“What’s so special about snowflakes?”

“They’re the first thing I remember. ’Twas a good day. I could tell. Mother had Ellie that night, but in the morning Mother brought me to the window to see the falling shapes. Much snow fell and Mother refused to let me outside. Father guided you and Charlie outside. Don’t you remember that day?”

“I remember hearing about Ellie joining the family. I don’t recall seeing her for the first time. You know what I love?”


“I love how you remember the little things. You can recall the day snowflakes fell six years ago, because those little things are what’s beautiful. For most of us, we don’t remember them because they don’t feel significant.”

“The snowflakes had significance. I thought of them every day and waited for them. They never came, so when I heard the ice pond story, it felt like snowflakes fell again.”

“So you want to find the ice pond to see snowflakes. Pardon me if this dream is a wee bit much for snowflakes.”

“Not only snowflakes. That’s always a big reason, since so many good things happened with snowflakes but also…”

“So snowflakes are your good-luck charm?”

“Yes. If snowflakes fall in the ice pond when you arrive, good things are sure to come.”

“I’m starting to get it now. Why else do you want to go?”

“Mother always told me she regretted never going to the ice pond. The story doesn’t seem made up, for something similar happened to Grandfather. He went to the ice pond when snowflakes fell and there he met Grandmother.”

“Sounds cliché,” Oliver said.

“Maybe a tad,” Lizzy said. “Then Mother told me I remind her of the ice pond.”

“You? Why?”

“She said I always seemed happy, like everything in the ice pond. Most of all, she wanted to show me there. The sparkles, glimmers, and happiness are too good to be true, she told me. She wanted to accompany me to prove to herself it exists. She said if I ever got the chance to go, even without her, she wanted me to prove it for the two of us. I want to go so bad.”

“We’ll find it soon.”

“I know, not now. I keep hearing we’ll find it, but we haven’t. It’s only as much as I can imagine it,” she said.

“Don’t lose hope, Lizzy. That’s the one thing I need you to always have. Hope.”

“Okay, butI’m tired. Goodnight.”

“Goodnight,” he whispered.

“Good morning,” Oliver said, stretching his arms. He pivoted to Lizzy. She’s still sleeping. I thought I slept in, but I must’ve been wrong.

He turned back against the wall and waited for her. A half hour passed with nothing but a swoop of wind. An hour passed. Oliver tapped his foot and scrutinized the snow. Why hasn’t she woken yet? Is something wrong? Or is she stalling me from going? I know she doesn’t want to travel in this storm, but she isn’t one to do something like this. I better check.

“Lizzy,” he said, rocking her body back and forth. She didn’t respond. He laid her on her back and leaned his ear close to her. She still breathed deep in sleep. “I’ll wait a little more.”

Half an hour more passed. Well, I can’t wait here forever. I guess I’ll carry her because I’d hate to wake her and make her cranky. She’s bound to wake. He lifted the backpack around his back and picked his sister up. He brushed his hand against her forehead. She feels like ice, I better wrap the blankets tighter.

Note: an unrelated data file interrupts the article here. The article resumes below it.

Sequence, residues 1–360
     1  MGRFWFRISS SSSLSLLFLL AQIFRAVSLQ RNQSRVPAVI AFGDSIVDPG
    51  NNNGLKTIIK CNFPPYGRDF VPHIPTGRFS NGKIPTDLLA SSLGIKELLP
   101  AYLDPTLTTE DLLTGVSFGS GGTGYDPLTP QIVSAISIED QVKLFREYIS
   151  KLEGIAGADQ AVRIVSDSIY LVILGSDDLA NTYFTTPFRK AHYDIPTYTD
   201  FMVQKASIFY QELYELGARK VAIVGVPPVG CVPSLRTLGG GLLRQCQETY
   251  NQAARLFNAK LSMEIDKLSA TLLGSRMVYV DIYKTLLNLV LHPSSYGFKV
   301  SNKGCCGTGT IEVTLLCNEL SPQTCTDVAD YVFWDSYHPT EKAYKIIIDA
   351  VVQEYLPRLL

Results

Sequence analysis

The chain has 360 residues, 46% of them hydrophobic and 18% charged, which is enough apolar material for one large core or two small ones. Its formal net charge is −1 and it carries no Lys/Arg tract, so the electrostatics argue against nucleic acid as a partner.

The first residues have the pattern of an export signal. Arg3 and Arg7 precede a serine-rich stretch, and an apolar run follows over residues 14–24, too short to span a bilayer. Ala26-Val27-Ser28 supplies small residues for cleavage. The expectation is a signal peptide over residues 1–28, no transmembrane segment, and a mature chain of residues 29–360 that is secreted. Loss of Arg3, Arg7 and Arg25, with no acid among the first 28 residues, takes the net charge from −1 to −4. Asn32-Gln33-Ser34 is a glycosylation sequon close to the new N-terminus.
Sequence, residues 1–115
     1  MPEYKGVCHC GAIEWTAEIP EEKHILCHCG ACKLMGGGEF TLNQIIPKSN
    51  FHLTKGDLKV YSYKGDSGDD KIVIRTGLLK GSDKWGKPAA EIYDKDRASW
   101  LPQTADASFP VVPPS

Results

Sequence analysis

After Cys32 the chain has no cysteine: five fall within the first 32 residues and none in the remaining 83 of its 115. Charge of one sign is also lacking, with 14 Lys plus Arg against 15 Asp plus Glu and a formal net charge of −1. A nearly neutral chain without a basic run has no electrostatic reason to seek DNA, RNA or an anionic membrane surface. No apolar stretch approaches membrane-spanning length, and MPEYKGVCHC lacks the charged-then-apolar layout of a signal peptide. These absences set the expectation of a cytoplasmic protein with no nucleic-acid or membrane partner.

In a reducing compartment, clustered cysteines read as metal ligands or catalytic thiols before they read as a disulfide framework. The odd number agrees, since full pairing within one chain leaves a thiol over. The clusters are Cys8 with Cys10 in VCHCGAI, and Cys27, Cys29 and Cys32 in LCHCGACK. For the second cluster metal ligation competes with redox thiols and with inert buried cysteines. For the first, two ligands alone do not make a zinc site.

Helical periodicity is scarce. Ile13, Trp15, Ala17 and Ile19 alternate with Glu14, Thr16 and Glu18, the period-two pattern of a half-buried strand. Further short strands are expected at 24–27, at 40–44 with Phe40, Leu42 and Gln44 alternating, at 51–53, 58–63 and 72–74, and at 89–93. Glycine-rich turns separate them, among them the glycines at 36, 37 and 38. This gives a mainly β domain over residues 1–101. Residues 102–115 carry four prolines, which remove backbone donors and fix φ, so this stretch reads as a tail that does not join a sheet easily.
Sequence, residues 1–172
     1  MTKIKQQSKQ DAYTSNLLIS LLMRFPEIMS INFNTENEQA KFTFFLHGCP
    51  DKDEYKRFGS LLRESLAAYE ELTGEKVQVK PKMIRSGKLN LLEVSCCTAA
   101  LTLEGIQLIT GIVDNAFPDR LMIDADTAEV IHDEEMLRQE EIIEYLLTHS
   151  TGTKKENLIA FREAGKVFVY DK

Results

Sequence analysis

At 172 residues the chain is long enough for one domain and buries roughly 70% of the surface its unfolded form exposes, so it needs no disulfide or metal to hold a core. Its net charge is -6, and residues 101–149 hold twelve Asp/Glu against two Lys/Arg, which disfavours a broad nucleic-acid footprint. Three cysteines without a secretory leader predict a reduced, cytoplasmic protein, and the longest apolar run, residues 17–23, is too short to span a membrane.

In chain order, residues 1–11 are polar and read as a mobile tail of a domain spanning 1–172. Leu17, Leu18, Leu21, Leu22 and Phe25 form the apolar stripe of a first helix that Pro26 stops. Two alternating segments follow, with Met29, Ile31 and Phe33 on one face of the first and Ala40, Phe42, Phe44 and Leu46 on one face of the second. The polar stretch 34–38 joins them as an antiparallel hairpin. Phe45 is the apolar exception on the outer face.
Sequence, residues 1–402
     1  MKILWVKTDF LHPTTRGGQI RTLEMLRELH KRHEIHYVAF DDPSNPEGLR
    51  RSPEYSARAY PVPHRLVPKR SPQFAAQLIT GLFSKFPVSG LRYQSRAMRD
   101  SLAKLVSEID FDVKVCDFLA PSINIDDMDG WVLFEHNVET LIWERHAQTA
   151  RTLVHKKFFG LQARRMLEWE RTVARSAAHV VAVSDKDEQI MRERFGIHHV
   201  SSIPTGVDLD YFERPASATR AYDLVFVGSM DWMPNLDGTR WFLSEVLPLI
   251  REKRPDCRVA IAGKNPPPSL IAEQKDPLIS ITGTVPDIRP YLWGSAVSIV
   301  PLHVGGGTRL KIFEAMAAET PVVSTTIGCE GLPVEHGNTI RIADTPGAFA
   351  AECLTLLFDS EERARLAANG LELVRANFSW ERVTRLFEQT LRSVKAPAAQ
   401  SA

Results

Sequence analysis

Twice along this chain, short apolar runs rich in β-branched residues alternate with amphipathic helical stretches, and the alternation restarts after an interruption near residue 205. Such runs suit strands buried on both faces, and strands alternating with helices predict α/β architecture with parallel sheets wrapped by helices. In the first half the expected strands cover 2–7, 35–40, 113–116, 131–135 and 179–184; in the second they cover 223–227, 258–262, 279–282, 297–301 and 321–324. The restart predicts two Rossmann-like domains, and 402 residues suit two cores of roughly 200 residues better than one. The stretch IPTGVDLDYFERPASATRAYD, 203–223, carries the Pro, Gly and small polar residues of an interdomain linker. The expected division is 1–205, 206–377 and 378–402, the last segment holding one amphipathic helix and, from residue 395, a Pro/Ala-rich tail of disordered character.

He puffed out a breath and stepped into the snow. He marched away from the cave, but maybe a little too fast, for he left Coco behind. Lizzy’s going to kill me when she notices Coco’s gone. How could I leave her? She was one of Lizzy’s last pieces of our siblings, and our old, happy life. How could I do this? He shook his head and trudged on.

The next part of his journey consisted of different areas to travel to. Oliver weaseled past Windward Way, strolled through Soft Side, adventured away from Airy Avenues, and marched across Merry Meadow. He checked in on Lizzy; still sleeping.

All animals abandoned them. None of them would get caught going through this storm. They all found shelter, a tempting offer for Oliver.

Each footstep Oliver took felt like a step in the wrong direction. No signs of safety showed anywhere.

“Lizzy?” It’s about time I woke her. It’s already six-thirty in the evening. I don’t know anyone who’s slept two days in a row. “Lizzy?” No response.

Oliver reached his hand through the blanket. He felt her face, it seemed as cold as century-old icicles. His face blanched in fear. “Oh goodness no! Lizzy! It cannot be!” Oliver threw off the blanket and unbuttoned her jacket. Her skin paled white as the snow. He leaned his ear into her chest. “Your…heart…” he shivered in fear, “it…it’s not beating.” He lifted her near his eyes. He couldn’t feel, see, or hear her breathing. She hadn’t been asleep this entire time. Oliver could only see she stopped functioning.

“Lizzy, Lizzy! Why oh why? NOO!” He laid her on the snowy surface and fell to his knees. He covered his eyes as his own tears began to drown him. “NO, NO, this cannot be.”

He rolled onto his back, threw his head back as snow battered his face. He slammed his head to the snow and stomped his legs. “This is the last straw! The others were taken, but how, how on this snow can they take you too? Why am I even here anymore? What does the world want from me? Take me! I’m alone now! ALONE!” he cried. “Even their bunny refused to stay with me.”

He wailed and cried softly to himself. “Come back to me, Lizzy. I need you more than anything,” he muttered, before falling beside her to a puddle of tears.